Part Nine: What now?
Okay, now you are getting the front wheel up regularly. Now you can
find the balance point. Basically, it's this floaty, light point in a wheelie
that is really damn high up there where you don't have to use as much throttle
and you can basically keep it up indefinitely.
Part Ten: More Gears!
You aren't limited to 1st gear, of course. Once you are proficient at wheelies, you can use other gears. You can wheelie most sportbikes in 1st and 2nd and maybe 3rd gear, and some big boys like the R1 or the ZX-9 or maybe a Blackbird might be wheeliable even in 4th. I haven't brought a bike up, ever, in 4th, but it is possible.
Alternatively, you can start out in 1st and go up through
the gears as far as your balls (or ovaries), the road, and your skill will
let you. The current wheelie record is well over 175 miles per hour, so
get out there. To shift in a wheelie all you need to do is twitch your
right wrist to unload the gears, while having your left toe already pressuring
the gear change. No clutch necessary. Some Hondas and other bikes, my Blackbird
included, have a big throw from first to second. Give it a big, positive
kick into second to avoid missing a shift, having the engine rev the tits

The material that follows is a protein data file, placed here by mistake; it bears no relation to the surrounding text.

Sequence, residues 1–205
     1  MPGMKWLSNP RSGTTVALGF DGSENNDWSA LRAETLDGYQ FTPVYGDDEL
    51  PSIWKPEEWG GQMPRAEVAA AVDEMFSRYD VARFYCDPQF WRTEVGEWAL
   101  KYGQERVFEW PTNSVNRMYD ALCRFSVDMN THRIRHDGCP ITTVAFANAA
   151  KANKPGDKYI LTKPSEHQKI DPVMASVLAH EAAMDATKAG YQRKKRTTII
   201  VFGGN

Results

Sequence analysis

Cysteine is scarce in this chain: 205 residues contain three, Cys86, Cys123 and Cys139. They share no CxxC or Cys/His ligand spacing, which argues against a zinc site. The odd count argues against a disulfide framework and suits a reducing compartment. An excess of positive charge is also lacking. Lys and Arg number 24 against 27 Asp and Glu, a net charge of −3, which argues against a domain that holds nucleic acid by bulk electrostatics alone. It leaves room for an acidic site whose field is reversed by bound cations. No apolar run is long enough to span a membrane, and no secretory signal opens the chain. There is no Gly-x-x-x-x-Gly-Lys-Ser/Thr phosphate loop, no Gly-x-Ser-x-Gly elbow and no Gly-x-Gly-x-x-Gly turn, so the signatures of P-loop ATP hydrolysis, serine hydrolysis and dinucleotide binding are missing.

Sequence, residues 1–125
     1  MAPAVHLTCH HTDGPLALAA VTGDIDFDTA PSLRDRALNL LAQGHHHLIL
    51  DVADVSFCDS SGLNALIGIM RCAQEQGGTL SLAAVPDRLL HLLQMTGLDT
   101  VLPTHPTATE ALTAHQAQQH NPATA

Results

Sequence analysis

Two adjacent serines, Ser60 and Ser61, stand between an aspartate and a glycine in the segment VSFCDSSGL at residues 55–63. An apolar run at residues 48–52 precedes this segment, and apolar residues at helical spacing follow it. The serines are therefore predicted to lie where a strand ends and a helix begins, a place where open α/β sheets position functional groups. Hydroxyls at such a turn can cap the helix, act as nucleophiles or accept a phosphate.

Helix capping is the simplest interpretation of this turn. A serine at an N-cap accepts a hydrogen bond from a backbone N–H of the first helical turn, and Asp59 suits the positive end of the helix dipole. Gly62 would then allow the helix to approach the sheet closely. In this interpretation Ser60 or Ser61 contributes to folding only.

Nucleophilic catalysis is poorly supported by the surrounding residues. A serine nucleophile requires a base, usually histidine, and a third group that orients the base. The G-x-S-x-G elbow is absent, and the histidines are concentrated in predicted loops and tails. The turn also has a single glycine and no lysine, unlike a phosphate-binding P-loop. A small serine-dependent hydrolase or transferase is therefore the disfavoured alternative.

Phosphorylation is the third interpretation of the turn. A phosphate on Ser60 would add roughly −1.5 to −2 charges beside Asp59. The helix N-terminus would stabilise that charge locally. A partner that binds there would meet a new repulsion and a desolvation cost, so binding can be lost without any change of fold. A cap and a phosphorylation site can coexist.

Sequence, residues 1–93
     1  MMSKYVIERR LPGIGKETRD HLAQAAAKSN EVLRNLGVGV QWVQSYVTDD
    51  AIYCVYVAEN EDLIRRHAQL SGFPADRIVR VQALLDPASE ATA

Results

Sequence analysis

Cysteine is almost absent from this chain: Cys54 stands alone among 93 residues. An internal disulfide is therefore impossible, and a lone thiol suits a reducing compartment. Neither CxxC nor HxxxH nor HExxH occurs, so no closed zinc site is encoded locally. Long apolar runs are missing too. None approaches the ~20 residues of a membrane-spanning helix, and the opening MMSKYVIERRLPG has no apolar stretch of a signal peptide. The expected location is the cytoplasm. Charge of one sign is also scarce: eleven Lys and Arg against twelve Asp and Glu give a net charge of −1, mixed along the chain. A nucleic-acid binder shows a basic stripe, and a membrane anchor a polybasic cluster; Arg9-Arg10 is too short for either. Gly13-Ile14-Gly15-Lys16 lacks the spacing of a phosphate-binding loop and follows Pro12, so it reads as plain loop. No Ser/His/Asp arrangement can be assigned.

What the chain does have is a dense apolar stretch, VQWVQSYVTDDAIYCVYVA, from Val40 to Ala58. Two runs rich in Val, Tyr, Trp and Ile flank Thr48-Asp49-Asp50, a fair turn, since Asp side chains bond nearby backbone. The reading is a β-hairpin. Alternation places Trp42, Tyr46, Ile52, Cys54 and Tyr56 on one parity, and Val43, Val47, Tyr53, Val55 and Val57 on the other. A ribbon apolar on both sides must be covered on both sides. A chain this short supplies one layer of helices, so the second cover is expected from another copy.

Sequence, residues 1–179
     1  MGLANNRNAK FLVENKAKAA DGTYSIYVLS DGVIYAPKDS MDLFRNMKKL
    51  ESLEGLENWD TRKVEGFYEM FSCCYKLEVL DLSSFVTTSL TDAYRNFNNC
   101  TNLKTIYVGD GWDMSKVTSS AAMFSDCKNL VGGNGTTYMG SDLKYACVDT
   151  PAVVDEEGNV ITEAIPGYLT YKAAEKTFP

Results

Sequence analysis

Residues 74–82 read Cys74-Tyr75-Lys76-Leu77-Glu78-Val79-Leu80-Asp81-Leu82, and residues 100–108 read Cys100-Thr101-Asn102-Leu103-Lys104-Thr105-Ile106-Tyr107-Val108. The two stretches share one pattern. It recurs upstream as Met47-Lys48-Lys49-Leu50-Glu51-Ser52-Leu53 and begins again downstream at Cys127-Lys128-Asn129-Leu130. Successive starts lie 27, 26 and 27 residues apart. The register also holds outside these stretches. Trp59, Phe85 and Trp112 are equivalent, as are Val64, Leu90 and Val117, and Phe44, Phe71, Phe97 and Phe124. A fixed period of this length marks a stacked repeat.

off itself, and then having the front wheel slam down to the jeers of any
witnesses and to your own shame and possibly mashed privates. If you do
get it into second it will want to kick a little higher, so be ready to
modulate the throttle. Of course, you haven't' tried to shift into 2nd
until you were really familiar with balancing these things, so it's no
problem. Now you can go into 3rd and 4th and 5th
and 6th, and you're the man (or woman) and you can make money
Part 11: Variations.
Once you're quite the badass, here's some things to try.
Standing up. Easy, stand up on the pegs and wheelie away. Cool, eh?
Crossed up. You'll have to turn the bars and stick out the opposite knee to get a nice, crossed up, rad effect.
Waving/Flip off/other gestures. Take your hand off (your LEFT hand!) and do whatever you think would be cool. Extra points for flipping off cops, if that's your kinda thing.
Passengers. If you have a trusting friend, go for it. It is actually easier because of the weight distribution, but the stakes are higher for obvious reasons.
There are other variations, but if you are good enough to think of
them and do them, you wouldn't be reading this, would you?
Part 12: It Ain't My Fault
Phuzzy accepts no responsibility whatsoever for anything that might
happen to you if you decide to read this and go out and practice the techniques
described herein. Wheelies are inherently dangerous because motorcycles
have two wheels for a reason and if you take one of them off the ground,
you open up a whole new realm of possible ways to maim yourself. Don't
be stupid. Don't blame me if you end up having aftermarket titanium parts
installed on your body if something goes wrong. Have fun.
Also available: Phuzzy's Guide to Burnouts and Phuzzy's Guide to Stoppies
Coming soon! Phuzzy's Guide to Proper Emergency Room Etiquette
and Phuzzy's Guide to Picking Up Emergency Room Nurses